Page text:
We ask God to keep us safe from anything that could hurt us. This includes things that can hurt our bodies, but especially things that can hurt our souls.


  Amen doesn�t mean �the end� it means �yes�. When we say Amen we are saying yes to God. It means we believe that what has been said is the truth. It�s an added prayer that what has been prayed for will happen.

Originally Amen was used to respond when someone else said a prayer or blessing, it was a way of agreeing with what the other person said. Even when you say it at the end of a prayer we said yourself, it is still a way of saying: I meant what I said, there was no lie, it�s all true.

In Hebrew the three letters that make the word �Amen� stood for �God, faithful, and king� so Amen is another way of saying that God is king over the earth and over my life.

Other sites that offer useful explications for children: Our Father for children, Our Father in Pictures, A Simple Catechism

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  • If it’s any comfort, Rowling on her website and in her talks with kids does seem to be very concerned about being a good teacher.

    But as for her interviews—well, I think she spends a great deal of time in her interviews, pre-Hallows, playing games with the audience to avoid revealing things. And even now that she has laid down her cards, I think she still does her best to avoid giving her game away. Part of this may be personality, part may be marketing strategy. *shrug*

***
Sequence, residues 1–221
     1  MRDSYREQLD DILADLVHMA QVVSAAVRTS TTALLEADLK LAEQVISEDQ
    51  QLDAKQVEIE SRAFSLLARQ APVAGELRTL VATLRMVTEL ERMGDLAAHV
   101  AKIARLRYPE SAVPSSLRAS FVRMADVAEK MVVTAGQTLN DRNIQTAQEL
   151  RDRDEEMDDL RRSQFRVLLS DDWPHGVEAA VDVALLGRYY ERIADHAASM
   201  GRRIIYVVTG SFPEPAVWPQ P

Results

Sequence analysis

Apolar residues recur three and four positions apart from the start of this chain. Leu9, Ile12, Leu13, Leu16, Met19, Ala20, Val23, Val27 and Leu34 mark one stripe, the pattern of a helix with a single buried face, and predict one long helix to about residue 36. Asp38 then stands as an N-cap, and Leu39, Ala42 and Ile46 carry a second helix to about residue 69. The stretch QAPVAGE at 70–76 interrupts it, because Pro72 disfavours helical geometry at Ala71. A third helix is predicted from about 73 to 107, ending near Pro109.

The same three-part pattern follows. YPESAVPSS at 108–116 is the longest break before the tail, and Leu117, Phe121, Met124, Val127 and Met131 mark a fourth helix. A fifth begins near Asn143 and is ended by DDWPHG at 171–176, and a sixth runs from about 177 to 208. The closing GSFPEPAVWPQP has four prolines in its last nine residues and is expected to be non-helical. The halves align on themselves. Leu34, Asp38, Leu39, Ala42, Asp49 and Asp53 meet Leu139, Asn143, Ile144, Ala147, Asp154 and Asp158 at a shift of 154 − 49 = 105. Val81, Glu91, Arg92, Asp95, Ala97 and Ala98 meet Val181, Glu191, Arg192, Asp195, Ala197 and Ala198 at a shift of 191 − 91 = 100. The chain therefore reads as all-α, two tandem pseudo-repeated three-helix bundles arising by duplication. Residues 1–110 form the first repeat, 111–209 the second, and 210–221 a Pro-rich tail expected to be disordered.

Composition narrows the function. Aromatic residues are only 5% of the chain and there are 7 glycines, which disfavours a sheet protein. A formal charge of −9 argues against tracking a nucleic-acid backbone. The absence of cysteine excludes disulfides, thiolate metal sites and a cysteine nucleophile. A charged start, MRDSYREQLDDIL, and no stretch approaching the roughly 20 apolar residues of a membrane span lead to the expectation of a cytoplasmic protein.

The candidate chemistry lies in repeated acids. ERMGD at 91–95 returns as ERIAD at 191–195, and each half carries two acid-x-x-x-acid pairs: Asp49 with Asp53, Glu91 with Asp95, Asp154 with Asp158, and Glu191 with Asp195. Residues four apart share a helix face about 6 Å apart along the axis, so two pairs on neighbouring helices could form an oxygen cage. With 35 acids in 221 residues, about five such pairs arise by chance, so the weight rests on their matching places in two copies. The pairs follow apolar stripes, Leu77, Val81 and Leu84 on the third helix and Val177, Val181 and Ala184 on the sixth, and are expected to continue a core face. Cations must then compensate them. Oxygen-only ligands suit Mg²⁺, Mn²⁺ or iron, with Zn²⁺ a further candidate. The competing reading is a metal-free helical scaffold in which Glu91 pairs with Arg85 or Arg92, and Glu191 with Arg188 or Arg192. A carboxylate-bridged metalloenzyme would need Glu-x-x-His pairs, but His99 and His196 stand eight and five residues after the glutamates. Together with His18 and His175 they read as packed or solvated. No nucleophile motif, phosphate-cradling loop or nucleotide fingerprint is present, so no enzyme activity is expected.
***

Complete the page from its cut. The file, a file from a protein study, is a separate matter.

And honestly, part may be discomfort. She was apparently more sinned against than sinning, but there’s no getting around the fact that her life has not altogether been something she’d want kids to emulate. If she stays a bit mysterious about the nobility of her aims and the love of her art, nobody will expect too much of her.

  • Certainly I don’t want to sound judgmental. I have no window into Rowling’s heart or her motivations. And she’s probably like most of us, full of contradictions and uncertainties. Sometimes we say one thing in one context and then something which seems like a direct contradiction in another context. And I reacted in part to the context given to the quote by the interviewer, which may have skewed her intended meaning.

    I mainly wanted to use her statement as a prompt to ask a broader question about the ethics of fiction.

  • Here’s a link to a story about Madeleine L’Engle and her writing.  Kind of interesting take on the matter of responsibility.
    Also, how about the stuff that Tolkien did not publish that’s being put out now.  Incest, etc. isn’t really my cup of tea for kids. 
    (I feel like a drive-by commenter, no time to do more than toss out a link….)  Jane M

  • Jane,

    An interesting take, indeed. I know that no matter how good a book is, there will be critics who find fault at both extremes simultaneously… too Christian/ not Christian enough.

    I have to admit Meg Murray was one of my favorite heroines. Could it be because I too had mousy brown hair, glasses, was awkward and bookish and didn’t quite fit in at school?

    Re: Tolkien. The Lord of the Rings itself was never meant for children. I think most of Tolkien’s work was aimed at adults. Notable exceptions are The Hobbit and Roverrandom, tales originally told to his children and his letters from Father Christmas. All the mythological stuff was different. It began in his philology, his desire to create a language and his realization that languages need stories, mythologies to grow. He was surprised when somehow hobbits worked their way into the material and became the heroes of the quest to destroy the ring, thus bringing material from his children’s story into the mythological world.

    Should we make a distinction between works aimed at children and those that have somehow crept their way into the nursery? As far as the responsibility question, I think in the latter case it must be solely upon parents and teachers who decide to give the books to children.


  • Hi Melanie,